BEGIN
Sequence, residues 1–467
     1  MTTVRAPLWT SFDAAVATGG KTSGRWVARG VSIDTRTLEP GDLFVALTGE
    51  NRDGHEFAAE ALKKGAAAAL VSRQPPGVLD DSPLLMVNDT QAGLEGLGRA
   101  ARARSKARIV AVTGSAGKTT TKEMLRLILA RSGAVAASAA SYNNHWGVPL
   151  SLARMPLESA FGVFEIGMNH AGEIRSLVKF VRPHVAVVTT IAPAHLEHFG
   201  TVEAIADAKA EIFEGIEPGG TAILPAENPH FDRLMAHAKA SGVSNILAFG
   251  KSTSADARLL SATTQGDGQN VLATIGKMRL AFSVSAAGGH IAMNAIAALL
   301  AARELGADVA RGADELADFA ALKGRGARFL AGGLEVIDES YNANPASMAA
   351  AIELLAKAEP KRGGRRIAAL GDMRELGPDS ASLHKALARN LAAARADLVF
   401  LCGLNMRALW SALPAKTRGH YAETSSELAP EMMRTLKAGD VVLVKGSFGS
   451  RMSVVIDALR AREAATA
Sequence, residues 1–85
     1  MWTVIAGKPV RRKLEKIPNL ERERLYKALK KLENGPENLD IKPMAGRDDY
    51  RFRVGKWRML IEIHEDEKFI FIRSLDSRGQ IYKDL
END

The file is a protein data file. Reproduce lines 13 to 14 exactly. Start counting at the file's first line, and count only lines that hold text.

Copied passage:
     1  MWTVIAGKPV RRKLEKIPNL ERERLYKALK KLENGPENLD IKPMAGRDDY
    51  RFRVGKWRML IEIHEDEKFI FIRSLDSRGQ IYKDL